Last month the U.S. Justice department announced the takedown of the Darkode (get it? DarkCode – Dark Code?) international cybercrime ring, which the DOJ called one of the “gravest threats” to the security of online data. But what exactly does that mean to you, the average user sitting at home behind your computer?
Of the roughly 800 criminal internet forums worldwide, Darkode represented one of the gravest threats to the integrity of data on computers in the United States and around the world
An international marketplace for sewing machines and other legal stuff
However, as July 15th, 2015, after The FBI, Europol, and cybersecurity and law enforcement agencies from a total of 20 different countries made their move, made the arrests, and shut down the site, the Darkode site was pwned. (Not familiar with the term ‘pwned’? We explain it, and more, here.)
Both the Darkode.com and Darkode.me sites now bear this announcement
Some of the targets were responsible for hacking into Sony’s PlayStation Network and Microsoft’s Xbox Live services last year around Christmas, authorities said.
Several law enforcement agencies around the world, including Europol, cooperated and participated in the bust.
Says a Europol statement, “The curtain fell on the cybercriminal forum when the site was taken down and a banner was put up online indicating that the FBI, EC3 and international partners had control over the site. This signified the end of Darkode, the most popular English-speaking hacking forum ranking in the top five of the most prolific criminal forums worldwide, a ranking otherwise dominated by Russian-speaking criminal platforms.”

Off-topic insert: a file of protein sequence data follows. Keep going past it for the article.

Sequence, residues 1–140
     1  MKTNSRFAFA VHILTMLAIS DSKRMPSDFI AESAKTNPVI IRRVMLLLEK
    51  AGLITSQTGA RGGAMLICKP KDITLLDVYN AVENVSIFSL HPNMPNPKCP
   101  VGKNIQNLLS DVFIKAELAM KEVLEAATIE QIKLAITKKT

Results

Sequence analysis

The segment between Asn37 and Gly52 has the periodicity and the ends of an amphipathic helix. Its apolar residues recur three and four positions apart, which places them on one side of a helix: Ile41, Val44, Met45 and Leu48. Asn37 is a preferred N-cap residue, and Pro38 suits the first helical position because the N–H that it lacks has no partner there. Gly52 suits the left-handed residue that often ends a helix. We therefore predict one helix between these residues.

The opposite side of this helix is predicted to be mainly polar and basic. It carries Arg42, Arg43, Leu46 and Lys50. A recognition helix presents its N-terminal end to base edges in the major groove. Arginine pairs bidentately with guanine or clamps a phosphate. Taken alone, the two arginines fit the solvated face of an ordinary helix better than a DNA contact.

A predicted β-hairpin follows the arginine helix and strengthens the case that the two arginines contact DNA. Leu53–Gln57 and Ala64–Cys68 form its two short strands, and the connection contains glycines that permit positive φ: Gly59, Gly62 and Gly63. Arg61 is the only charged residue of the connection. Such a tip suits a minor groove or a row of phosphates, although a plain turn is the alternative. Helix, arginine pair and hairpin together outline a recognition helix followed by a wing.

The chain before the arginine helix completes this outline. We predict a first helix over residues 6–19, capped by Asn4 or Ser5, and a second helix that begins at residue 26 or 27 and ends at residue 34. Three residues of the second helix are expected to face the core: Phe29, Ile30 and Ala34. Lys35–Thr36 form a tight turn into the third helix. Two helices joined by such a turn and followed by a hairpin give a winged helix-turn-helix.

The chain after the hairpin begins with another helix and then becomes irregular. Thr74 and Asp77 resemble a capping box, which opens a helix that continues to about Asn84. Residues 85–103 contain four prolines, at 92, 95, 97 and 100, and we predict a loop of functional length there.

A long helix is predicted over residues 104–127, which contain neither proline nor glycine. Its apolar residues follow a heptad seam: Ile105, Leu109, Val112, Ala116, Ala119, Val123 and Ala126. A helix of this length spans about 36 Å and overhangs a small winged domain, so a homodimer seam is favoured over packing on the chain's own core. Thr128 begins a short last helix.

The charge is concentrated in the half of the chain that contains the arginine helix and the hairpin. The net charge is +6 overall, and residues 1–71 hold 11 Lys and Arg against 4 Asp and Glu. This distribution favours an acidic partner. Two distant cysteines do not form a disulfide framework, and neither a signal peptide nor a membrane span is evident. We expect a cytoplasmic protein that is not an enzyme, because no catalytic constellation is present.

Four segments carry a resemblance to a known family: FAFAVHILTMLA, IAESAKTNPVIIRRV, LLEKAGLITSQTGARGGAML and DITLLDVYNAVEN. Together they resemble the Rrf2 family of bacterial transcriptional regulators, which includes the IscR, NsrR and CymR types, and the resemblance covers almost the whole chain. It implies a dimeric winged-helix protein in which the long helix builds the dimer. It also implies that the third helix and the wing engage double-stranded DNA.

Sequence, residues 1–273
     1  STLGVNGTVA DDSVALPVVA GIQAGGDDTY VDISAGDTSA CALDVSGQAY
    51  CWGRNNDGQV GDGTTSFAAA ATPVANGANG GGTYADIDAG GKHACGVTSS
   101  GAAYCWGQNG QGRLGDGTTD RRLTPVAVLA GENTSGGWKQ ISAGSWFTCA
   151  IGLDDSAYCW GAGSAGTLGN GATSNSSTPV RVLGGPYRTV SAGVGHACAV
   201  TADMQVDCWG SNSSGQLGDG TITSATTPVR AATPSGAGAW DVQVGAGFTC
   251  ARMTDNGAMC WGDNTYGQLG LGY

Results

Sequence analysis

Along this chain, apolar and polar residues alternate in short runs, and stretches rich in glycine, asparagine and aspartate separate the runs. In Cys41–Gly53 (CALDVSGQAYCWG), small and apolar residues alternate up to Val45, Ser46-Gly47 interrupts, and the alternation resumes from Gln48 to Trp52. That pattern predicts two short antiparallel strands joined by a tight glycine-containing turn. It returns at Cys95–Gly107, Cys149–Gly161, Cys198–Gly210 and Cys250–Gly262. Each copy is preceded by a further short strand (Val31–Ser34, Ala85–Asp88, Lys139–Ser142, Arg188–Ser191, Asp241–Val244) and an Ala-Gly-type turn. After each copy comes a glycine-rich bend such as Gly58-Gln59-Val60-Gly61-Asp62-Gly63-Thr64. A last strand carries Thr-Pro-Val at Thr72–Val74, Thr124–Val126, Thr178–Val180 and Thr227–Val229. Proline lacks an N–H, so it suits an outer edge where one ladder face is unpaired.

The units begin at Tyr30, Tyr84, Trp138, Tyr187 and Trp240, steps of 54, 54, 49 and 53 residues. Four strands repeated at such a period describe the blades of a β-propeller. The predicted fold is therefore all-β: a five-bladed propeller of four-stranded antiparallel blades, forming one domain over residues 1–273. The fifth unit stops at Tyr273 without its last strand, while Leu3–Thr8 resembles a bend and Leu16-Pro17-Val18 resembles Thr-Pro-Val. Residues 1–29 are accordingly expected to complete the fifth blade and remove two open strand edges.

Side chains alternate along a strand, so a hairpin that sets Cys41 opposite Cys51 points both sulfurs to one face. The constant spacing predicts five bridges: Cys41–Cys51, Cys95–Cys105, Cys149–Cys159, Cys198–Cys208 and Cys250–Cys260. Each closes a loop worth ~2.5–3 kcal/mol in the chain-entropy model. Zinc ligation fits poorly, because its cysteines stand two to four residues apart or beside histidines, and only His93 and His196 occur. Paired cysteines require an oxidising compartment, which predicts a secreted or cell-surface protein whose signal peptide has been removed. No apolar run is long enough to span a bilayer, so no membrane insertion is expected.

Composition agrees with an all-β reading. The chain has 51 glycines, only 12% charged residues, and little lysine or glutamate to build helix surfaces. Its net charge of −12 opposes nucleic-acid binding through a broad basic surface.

So, what does this mean for you? It means that there has been, if you’ll excuse the phrase, a disruption in the (underground criminal) force.
In fact, perhaps Europol’s director, Robert Wainwright, says it best, when he says that the takedown “caused significant disruption to the underground economy, and is a stark reminder that private forums are no sanctuary for criminals and are not beyond the reach of law enforcement. We will continue to work with our law enforcement partners to make cyberspace as crime-free as possible for the world’s citizens.”
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